and zero tillage (6345 kg ha-1). The minimum grain yield (3119

kg ha-1 and 3286 kg ha-1) was appeared in control plots during

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their Impact on Plant Yield Parameters

(2007), Sial et al (2007), Adeniyan and Ojeniyi (2005) who reported that application of chemical and organic manure improved maize grain yield.

The energy inputs/outputs

This study evaluated the energy inputs and outputs maize yield parameters for different tillage system, the methodology used in the calculation of energy use was broken down into inputs and outputs with the total energy, inputs energy being the sum of all components of energy used in the production of the outputs (Table 2). The results revealed that total input energy consumed for maize production was higher in deep tillage (52837.9 MJ ha-1) followed by conventional tillage (50685.7 MJ

ha-1) and zero tillage (50049.6 MJ ha-1) with the application of

NPK + FYM during spring season, whereas NPK and FYM alone consumed minimum input energy and lowest in control plots where no fertilizer was applied. During autumn season low input energy consumed due to half fertilizer was applied. The inputs energy was higher in spring season than autumn season. The output energy values recorded in maize production revealed that output energy for maize production was higher in deep tillage (89905.2 MJ ha-1) followed by conventional tillage

(83202 MJ ha-1 ) and low output energy by zero tillage

(75577.11 MJ ha-1) with the application of NPK + FYM . The

comparison between both seasons the output energy was maximum gain in deep tillage (100430.4 MJ ha-1) followed by

conventional tillage (94319.61 MJ ha-1) and low output energy

gain in zero tillage (93271.5 MJ ha-1) with the application of ½

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their Impact on Plant Yield Parameters

Conclusion

It was concluded that plant height, number of grain per cob, 1000-grain weight and maize grain yield maximum in deep tillage followed by conventional tillage and zero tillage. However, higher values for plant height, number of grain per cob, 1000-grain weight and grain yield were recorded in those plots treated with combined NPK + FYM. Net energy gained maximum in NPK alone followed by NPK + FYM, FYM and control.

Table 1: Energy equivalents of inputs and outputs in maize production

Input Unit Energy equivalent

MJ/Unit

Reference

Human labor hour 2.3 Yaldiz et al. 1990

Fuel (Diesel) liter 47.8 Safa et al. 2002

Chemical fertilizer Nitrogen Phosphorus Potassium

kg

61.53 12.56 6.7

Pimental, 1979 Pimental, 1979 Pimental, 1979

Cow manure kg 3.8 Green, 1987

Seed kg 14.7 Panesar, B.S. 2002

Output

Maize grain kg 14.7 Panesar, B.S. 2002

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their Impact on Plant Yield Parameters

Fig 2: Effect of tillage practice, chemical fertilizer and farmyard manure on grains per cob

Fig 3: Effect of tillage practice, chemical fertilizer and farmyard

manure on 1000-grain weight (g)

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their Impact on Plant Yield Parameters

Table 2: The energy inputs/outputs for spring and autumn 2009-2010 sown maize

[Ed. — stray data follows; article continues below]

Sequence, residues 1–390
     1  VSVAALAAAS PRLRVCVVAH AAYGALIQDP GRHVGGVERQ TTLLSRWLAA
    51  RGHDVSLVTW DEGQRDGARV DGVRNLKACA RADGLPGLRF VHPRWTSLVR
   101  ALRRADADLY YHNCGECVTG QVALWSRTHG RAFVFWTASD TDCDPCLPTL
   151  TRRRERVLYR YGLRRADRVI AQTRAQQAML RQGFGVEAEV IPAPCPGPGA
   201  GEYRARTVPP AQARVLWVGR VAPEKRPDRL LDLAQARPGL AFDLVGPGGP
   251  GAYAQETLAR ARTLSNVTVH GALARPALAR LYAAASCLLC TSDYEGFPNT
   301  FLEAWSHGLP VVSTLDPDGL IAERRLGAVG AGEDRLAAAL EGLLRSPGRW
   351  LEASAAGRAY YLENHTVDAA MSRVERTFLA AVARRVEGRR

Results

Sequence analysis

Input energy (MJ ha-1)

Deep Tillage (DT)

Conventional Tillage (CT)

Zero Tillage (ZT)

Spring Autumn Spring Autumn Spring Autumn Human

labour

(MJ ha-1)

Sowing 184 184 184 184 ---- ----

Harvesting

368 368 368 368 368 368

Diesel (MJ ha-1)

Subsoiler 1724.8 1749.5 ---- ---- ---- ---- M.B. Plow 1519.6 1432.4 ---- ---- ---- ---- Disc

harrow

---- ---- 585.7 578.3 ---- ----

Cultivator ---- ---- 506.5 530.6 ---- ---- Zero

tillage

---- ---- ---- ---- 640.1 674.7

Fertilizer (kg)

Control ---- ---- ---- ---- ---- ----

FYM 38000 19000 38000 19000 38000 19000

NPK 10674 5337 10674 5337 10674 5337

FYM + NPK

48674 24337 48674 24337 48674 24337

Seed (MJ ha-1)

367.5 367.5 367.5 367.5 367.5 367.5

Total input energy (MJ ha-1)

Control 4163.9 4101.4 2011.7 2028.4 1375.6 1410.2 FYM 42163.9 23101.4 40011.7 21028.4 39375.6 20410.2 NPK 14837.9 9438.4 12685.7 7365.4 12049.6 6747.2 FYM +

NPK

52837.9 28438.4 50685.7 26365.4 50049.6 25747.2 Output

energy (MJ ha-1)

Control 45849.3 48304.2 40160.4 42522.6 34123.11 36558.9 FYM 61294.59 66429.3 56943.39 64827 52562.79 63606.9 NPK 89817.0 95780.7 83109.39 92904 75494.79 89890.5 FYM +

NPK

89905.2 100430.4 83202.0 94319.61 75577.11 93271.5 Net energy

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their Impact on Plant Yield Parameters

ha-1)

Control 41685.4 44202.8 38148.7 40494.29 32747.5 35148.7 FYM 19130.7 43327.9 16931.7 43798.6 13187.2 43196.7 NPK 74979.1 86342.39 70423.7 85538.6 63445.2 83143.3 FYM +

NPK

37067.3 71992 32516.3 67954.21 25527.5 67524.3

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their Impact on Plant Yield Parameters

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Figure

Table 1: Energy equivalents of inputs and outputs in maize

Table 1.

Energy equivalents of inputs and outputs in maize . View in document p.9
Fig 2: Effect of tillage practice, chemical fertilizer and farmyard manure on grains per cob

Fig 2.

Effect of tillage practice chemical fertilizer and farmyard manure on grains per cob . View in document p.10
Fig 3: Effect of tillage practice, chemical fertilizer and farmyard manure on 1000-grain weight (g)

Fig 3.

Effect of tillage practice chemical fertilizer and farmyard manure on 1000 grain weight g . View in document p.10
Fig 4: Effect of tillage practice, chemical fertilizer and farmyard manure on grain yield (kg ha-1)

Fig 4.

Effect of tillage practice chemical fertilizer and farmyard manure on grain yield kg ha 1 . View in document p.10
Table 2: The energy inputs/outputs for spring and autumn 2009-2010

Table 2.

The energy inputs outputs for spring and autumn 2009 2010 . View in document p.11

References